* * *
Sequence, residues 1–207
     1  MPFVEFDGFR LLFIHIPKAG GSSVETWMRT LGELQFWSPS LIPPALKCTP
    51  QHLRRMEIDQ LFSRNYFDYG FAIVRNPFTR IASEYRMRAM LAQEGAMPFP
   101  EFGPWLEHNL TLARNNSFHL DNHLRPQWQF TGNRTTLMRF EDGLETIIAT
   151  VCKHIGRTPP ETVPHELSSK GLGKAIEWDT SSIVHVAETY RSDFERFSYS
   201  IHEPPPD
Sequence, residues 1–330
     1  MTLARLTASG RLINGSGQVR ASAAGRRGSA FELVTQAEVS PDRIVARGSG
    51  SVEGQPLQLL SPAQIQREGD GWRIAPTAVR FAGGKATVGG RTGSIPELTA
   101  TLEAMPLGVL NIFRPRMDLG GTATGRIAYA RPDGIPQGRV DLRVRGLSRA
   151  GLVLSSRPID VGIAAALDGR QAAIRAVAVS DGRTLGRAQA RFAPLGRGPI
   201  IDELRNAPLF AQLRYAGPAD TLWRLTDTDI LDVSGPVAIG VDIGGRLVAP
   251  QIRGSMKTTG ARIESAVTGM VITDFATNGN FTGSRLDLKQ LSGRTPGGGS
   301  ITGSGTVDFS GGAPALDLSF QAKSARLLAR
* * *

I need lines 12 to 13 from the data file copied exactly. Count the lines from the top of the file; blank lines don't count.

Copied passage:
   201  IDELRNAPLF AQLRYAGPAD TLWRLTDTDI LDVSGPVAIG VDIGGRLVAP
   251  QIRGSMKTTG ARIESAVTGM VITDFATNGN FTGSRLDLKQ LSGRTPGGGS